Mile 23: 12:18 It’s 5th Avenue. Is this the “hill” everyone complains about? I’m not so sure… I’m not even sure where we are anymore. I keep asking people what Mile we’re at. I’m run/walking and people are still in my way.
Mile 24: 12:00 We’re in Central Park, baby! It’s funny, it seemed like an awful lot of downhill. I don’t remember so much downhill on this path that I’ve run countless times. I guess I’m used to running it going the opposite direction? I’m running, everything hurts and is that my stomach bubbling? I promise myself I WILL NOT stop to use the bathroom at MILE 25! Are you kidding me? I stop eating bananas and just live with the hunger.
Mile 25: 12:08 I am almost there. I’m questioning the presence of a few toenails, the metatarsals on my left foot are shooting up sharp, vibrating pains with every single step, my hamstrings are on fire and my butt cheeks feel like they’re twisting into knots. I’m really unhappy, but I convince myself that I’m well-trained and have this totally in-hand (of course I did). If I walk now I’m only prolonging this intense suffering.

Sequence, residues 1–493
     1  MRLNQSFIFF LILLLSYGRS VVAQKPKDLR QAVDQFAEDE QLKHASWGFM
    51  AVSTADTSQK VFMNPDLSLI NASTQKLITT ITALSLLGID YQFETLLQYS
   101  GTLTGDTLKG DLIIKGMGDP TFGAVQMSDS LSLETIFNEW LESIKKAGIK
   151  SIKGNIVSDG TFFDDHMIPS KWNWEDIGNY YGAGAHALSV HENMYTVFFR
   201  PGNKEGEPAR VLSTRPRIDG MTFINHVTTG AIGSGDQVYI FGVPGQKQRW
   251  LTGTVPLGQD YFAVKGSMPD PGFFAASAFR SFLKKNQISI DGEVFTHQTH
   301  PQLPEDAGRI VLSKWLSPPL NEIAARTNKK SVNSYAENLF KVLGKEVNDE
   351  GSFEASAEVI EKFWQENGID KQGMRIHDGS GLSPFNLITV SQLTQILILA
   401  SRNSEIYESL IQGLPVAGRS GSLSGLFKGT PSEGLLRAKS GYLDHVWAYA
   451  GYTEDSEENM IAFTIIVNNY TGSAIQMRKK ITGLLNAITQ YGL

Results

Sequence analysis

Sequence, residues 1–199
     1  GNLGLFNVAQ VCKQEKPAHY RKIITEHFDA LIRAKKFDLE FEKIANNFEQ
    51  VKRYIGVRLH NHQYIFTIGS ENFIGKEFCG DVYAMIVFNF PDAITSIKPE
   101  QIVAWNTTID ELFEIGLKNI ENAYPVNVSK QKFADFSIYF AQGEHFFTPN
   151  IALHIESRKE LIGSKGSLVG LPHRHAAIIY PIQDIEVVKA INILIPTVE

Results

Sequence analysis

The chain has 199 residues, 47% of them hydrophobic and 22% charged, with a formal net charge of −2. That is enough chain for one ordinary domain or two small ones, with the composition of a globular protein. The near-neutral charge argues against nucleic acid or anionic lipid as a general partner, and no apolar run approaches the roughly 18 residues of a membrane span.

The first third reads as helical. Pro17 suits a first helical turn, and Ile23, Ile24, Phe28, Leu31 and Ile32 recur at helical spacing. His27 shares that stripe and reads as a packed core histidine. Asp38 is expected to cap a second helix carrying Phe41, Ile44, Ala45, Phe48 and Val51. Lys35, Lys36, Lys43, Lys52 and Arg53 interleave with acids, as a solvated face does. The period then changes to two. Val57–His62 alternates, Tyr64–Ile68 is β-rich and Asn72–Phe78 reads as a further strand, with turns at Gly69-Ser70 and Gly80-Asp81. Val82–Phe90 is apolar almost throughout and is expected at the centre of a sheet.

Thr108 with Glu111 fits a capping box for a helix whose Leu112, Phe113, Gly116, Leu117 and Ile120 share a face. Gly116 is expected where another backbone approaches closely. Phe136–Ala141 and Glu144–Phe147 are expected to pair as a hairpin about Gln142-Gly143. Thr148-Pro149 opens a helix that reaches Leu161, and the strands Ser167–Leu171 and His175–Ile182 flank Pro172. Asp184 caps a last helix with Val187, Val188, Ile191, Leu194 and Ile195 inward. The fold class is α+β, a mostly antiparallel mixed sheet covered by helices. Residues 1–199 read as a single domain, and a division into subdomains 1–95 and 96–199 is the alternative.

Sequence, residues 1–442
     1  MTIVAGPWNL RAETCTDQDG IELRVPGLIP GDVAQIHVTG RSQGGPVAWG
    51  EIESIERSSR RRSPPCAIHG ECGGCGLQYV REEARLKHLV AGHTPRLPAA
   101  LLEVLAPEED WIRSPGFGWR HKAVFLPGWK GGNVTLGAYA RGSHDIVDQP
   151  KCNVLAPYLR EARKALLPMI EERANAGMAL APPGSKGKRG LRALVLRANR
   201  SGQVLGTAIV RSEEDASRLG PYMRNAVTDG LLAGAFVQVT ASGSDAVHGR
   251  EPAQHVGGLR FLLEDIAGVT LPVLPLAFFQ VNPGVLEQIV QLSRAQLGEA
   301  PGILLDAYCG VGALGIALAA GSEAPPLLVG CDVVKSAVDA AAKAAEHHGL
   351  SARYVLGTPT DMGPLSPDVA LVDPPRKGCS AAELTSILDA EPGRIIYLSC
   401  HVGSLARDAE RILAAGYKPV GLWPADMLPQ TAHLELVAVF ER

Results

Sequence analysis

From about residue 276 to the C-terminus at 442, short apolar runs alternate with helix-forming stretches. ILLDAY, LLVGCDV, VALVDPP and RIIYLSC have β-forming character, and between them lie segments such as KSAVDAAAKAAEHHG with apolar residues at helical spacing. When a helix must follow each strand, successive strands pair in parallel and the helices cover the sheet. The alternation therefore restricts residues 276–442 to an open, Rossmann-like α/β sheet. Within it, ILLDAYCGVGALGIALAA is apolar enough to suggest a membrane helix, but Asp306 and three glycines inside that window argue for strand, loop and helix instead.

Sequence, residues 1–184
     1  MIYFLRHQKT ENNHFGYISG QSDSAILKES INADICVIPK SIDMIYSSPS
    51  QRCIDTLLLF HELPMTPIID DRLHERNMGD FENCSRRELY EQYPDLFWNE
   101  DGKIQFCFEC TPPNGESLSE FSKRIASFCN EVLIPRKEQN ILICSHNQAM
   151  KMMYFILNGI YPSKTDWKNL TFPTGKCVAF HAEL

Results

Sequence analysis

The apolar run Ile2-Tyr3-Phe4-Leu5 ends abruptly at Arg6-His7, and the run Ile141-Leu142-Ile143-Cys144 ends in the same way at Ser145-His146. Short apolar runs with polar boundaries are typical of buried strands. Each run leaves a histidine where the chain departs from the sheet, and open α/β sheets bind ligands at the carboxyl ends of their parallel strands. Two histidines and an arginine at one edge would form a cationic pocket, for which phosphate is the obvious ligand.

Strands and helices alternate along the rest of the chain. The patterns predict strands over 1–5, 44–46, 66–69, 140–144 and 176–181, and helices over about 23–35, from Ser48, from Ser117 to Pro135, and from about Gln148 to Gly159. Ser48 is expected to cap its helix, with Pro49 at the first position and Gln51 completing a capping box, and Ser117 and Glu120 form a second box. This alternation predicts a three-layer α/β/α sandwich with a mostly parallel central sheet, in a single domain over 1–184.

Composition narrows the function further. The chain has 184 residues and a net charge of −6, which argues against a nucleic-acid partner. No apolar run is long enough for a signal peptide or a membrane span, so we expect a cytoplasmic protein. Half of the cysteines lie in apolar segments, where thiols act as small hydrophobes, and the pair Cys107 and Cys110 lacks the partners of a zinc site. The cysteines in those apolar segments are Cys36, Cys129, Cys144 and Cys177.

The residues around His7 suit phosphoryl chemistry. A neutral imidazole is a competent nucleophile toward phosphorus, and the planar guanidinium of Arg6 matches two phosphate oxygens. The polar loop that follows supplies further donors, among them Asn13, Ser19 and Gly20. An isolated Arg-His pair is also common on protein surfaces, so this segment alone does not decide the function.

Mile 26: 10:57 We’re out of the park and crossing over on 59th Street, Central Park South, and the smells… oh lordy… the things I was thinking… it smelled like a cross between stale urine, human excrement, horse manure and vomit. I’m trying to hold my breath and run so fast to get out of this awful, awful spot. I’m imagining how great it will feel to cross the Finish Line, only 200 meters ahead now.
Mile 26.2: 11:28 We’re back into the park, and I can see the lights of the Finish. I don’t see hubby, but I kinda don’t care. I ran it the whole way in, I couldn’t believe it.
It took some time to walk the way out and meet up with my husband. I was fully wrapped in a heat blanket and my insulated race poncho. But my hands were pretty cold, which made eating the apple they gave me and anything else in my recovery bag hard to do.
When I finally met up with hubby, we hopped the subway back to Penn Station. We had enough time before our train to grab some shakes at Shake Shack (my final one of the training cycle!). We were home within the half hour and I was soaking in a hot Epsom salt bath. After all that time and energy, the marathon had come and gone.
P.S.: When I stopped in Brooklyn for a bathroom, I stopped the Garmin, then restarted it as I continued running... these are the deets.